Judge's boundary warning to home buyers
A judge, who spent three days sorting out a boundary dispute between next door neighbours, has warned house buyers of the critical necessity to have experts check out what they are actually purchasing.
Mr Justice Raymond Groarke said former Cork publican Frank Fenton and his wife, Una, had bought at auction a €750,000 house in Dublin's popular Leeson Street area after a builder friend had used "a compass and ruler" to measure the back garden.
Judge Groarke said it was up to prospective purchasers to satisfy themselves as to such important matters which Mr Fenton had failed to do. His decision to attend the auction seemed to have been rushed but one had to exercise care and caution.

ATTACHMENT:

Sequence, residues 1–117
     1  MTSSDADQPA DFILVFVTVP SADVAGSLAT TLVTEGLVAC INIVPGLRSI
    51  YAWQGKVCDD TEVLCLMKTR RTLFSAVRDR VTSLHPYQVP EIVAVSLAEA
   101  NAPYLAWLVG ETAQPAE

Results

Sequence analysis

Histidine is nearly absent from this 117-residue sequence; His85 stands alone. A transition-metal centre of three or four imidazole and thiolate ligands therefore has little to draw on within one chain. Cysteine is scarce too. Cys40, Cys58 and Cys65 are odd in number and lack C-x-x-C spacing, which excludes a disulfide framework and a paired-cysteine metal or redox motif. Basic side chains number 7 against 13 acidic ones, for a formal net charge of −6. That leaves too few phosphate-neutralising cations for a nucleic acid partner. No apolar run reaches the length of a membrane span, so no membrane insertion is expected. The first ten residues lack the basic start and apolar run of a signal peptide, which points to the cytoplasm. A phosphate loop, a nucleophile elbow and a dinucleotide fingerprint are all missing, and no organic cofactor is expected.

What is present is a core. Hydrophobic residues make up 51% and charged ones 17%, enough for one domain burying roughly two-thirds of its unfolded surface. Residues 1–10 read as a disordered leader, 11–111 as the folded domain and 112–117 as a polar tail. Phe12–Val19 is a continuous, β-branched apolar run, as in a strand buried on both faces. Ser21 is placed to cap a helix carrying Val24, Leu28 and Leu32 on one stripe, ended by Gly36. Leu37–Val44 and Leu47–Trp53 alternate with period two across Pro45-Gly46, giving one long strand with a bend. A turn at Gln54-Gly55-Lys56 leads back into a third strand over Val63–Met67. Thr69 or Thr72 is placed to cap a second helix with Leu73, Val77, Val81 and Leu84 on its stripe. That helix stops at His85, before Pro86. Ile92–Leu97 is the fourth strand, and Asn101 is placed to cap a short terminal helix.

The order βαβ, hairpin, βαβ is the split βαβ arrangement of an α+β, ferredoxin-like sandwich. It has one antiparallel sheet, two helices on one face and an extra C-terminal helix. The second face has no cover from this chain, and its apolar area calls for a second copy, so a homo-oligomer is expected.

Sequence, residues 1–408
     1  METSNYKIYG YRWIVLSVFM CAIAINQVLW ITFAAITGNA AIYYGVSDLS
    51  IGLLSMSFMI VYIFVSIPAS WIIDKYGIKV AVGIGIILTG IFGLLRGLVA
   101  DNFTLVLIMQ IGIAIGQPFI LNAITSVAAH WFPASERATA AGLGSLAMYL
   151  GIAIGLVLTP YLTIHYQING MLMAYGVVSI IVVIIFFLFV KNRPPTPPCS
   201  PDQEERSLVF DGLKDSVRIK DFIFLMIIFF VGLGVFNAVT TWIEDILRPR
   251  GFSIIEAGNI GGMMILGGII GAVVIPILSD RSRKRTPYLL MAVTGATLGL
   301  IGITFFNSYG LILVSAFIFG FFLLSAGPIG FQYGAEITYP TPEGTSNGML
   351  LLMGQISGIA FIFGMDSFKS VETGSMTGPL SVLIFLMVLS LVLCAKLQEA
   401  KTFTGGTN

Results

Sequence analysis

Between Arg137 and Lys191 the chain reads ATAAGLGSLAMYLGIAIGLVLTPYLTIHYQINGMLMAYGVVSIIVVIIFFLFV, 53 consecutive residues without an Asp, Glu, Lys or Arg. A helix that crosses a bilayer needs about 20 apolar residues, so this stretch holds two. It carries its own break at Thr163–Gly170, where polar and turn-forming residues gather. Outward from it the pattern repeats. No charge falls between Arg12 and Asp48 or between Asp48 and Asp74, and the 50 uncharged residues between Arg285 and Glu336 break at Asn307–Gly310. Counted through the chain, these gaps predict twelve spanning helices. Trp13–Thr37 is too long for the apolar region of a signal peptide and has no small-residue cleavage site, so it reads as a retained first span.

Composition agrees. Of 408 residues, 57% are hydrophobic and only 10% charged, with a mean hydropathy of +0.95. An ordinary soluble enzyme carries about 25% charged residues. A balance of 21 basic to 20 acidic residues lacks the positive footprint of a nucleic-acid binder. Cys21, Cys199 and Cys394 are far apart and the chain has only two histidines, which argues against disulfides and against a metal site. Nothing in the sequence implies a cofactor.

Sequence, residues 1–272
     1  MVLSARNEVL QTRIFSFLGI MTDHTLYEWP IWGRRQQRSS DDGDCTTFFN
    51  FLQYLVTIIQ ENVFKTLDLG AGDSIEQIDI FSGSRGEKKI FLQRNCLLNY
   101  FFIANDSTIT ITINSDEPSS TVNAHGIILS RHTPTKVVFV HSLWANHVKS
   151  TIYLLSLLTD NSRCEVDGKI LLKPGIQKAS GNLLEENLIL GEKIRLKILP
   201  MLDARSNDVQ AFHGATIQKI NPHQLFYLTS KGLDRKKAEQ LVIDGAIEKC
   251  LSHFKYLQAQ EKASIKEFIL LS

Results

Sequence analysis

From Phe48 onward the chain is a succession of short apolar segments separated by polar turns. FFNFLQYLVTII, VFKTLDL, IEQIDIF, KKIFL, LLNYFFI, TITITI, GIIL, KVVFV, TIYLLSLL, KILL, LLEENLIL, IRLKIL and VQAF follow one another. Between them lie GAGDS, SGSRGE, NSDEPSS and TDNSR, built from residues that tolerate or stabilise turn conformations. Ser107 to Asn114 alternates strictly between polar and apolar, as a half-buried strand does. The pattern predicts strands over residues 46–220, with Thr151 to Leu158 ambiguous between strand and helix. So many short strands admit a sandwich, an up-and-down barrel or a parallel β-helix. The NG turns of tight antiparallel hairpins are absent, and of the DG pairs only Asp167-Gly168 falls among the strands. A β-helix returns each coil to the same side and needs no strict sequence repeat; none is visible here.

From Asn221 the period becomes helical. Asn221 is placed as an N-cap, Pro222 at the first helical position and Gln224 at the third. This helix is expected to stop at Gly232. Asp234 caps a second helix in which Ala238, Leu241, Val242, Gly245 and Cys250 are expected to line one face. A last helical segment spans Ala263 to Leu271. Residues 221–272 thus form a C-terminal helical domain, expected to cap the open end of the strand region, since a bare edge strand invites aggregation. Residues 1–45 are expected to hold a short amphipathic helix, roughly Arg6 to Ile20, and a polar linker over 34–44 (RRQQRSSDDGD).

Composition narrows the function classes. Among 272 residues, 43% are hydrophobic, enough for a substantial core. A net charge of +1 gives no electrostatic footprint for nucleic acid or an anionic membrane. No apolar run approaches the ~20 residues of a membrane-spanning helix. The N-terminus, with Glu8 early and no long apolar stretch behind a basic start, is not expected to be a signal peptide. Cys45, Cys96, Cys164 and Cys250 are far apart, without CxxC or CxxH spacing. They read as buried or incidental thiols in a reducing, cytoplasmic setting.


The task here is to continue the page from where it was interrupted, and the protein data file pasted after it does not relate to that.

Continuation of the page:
The judge said he would be astonished if an intelligent and successful businessman with the commercial experience of Mr Fenton would not have inquired into such matters as boundaries before buying No 155 Upper Leeson Street, Dublin 4, at a Receiver's auction.
Mr Fenton had said he owned rental and commercial properties in Cork and London. The court heard he had sold his business and was investing in property.
Judge Groarke said the map used in the sale had not properly outlined the back garden of No 155 and no warranty had been given by the vendor who had specifically refused to identify boundaries.
He was satisfied the vendors had agreed to sell and the plaintiff had agreed to buy the property as outlined to its rear by paint and tape attached to a cone. He did not accept that the Fentons, from Cork, had been misled in any way.
The Fentons had sued for trespass the couple who live next door to their Dublin property, Enda and Dorina Clarke, of 156 Upper Leeson Street, who, they alleged, had wrongly built a dividing wall four feet into the Fenton's back garden at No 155.